Treatment of inflammatory bowel disease in horses has been attempted but is often unsuccessful even with aggressive corticosteroid administration. Sulfasalazine and isoniazid have been recommended, but their usefulness is unproven. Similarly, the usefulness of dimethyl sulfoxide in the treatment of intestinal amyloidosis is unknown. Animals with anaerobic or aerobic bacterial overgrowth as a problem may respond to antimicrobial administration. Adequate penetration of antimicrobials into inflammatory bowel lesions (Rhodococcus equi in foals and Johne's disease in ruminants) is doubtful. Successful treatment of Lawsonia intracellularis in foals has been achieved with longterm administration of antimicrobials (erythromycin, azithromycin, clarithromycin, chloramphenicol, oxytetracycline, doxycycline) and aggressive supportive care (fluids, plasma) as dictated by the animal's clinical condition. Eimeria macusaniensis infections in affected camelids may successfully be treated if diagnosed early. Treatment currently involves administration of amprolium and/or ponazuril with appropriate supportive care.
Horses with malabsorption due to a disease process or after small-bowel resection must be fed a diet that optimizes digestion of feeds in the large intestine. The diet should provide easily absorbed protein, carbohydrates, fat, and water-soluble vitamins and maintain mineral balance. Increased concentrate-to-forage ratios decrease digestion of feeds in the large intestine and should be avoided. Horses benefit from a fiber-based diet. To enhance digestion in the large intestine, easily fermentable roughages (eg, alfalfa) should be fed. High-quality fiber, metabolized in the cecum and colon to volatile fatty acids, may partially compensate for small-intestinal losses. In young animals, the diet may be supplemented with milk protein if lactase deficiency is not present. Fat may be added to the diet to enhance caloric intake. Calcium, magnesium, phosphate, zinc, copper, and iron may need to be supplemented because they are absorbed in the horse only in the small intestine. Water-soluble (especially vitamin B12) and fat-soluble vitamins should be supplemented parenterally as needed. Excessive supplementation, which could lead to toxicosis, should be avoided.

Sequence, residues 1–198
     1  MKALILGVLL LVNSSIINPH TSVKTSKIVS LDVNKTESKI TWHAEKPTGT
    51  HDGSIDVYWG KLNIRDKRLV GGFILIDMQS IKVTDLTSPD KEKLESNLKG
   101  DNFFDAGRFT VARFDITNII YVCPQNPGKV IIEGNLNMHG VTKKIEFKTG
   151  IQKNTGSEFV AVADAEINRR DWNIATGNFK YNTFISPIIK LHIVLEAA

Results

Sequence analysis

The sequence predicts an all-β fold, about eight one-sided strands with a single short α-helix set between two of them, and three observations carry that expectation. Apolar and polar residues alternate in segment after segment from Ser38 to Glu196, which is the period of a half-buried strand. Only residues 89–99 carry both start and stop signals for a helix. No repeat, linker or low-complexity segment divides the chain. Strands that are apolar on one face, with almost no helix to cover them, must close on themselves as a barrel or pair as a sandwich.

Horses that will not eat may have to be force-fed with a gruel via nasogastric tube. The horse should be fed small, frequent meals to take advantage of the limited remaining absorptive ability of the small intestine without overloading it. Preruminant calves that are repeatedly tube-fed may develop ruminal acidosis due to deposition of fermentable feed material into the rumen rather than the abomasum. IV feeding, using partial or total parenteral nutrition, may be necessary for animals that refuse to eat or for those that cannot tolerate force-feeding. However, parenteral nutrition is expensive and difficult to continue on a longterm basis.
Efforts should be made to determine an etiologic diagnosis once malassimilation has been confirmed so that an accurate prognosis can be given and appropriate therapy prescribed. Most conditions causing malassimilation in adult large animals warrant a poor prognosis, and treatment is commonly unsuccessful. However, parasitic infestation of the bowel or its blood supply can respond to anthelmintic therapy. Occasionally, a non-neoplastic infiltration of the bowel may respond to corticosteroids, but the response may be transient in some cases. Calves, foals, and kids with lactase deficiency may respond well to supportive care and dietary management. Prognosis for horses with malabsorption due to inflammatory bowel disease is poor; most reported cases have been fatal.
Last full review/revision March 2012 by Susan D. Semrad, VMD, PhD, DACVIM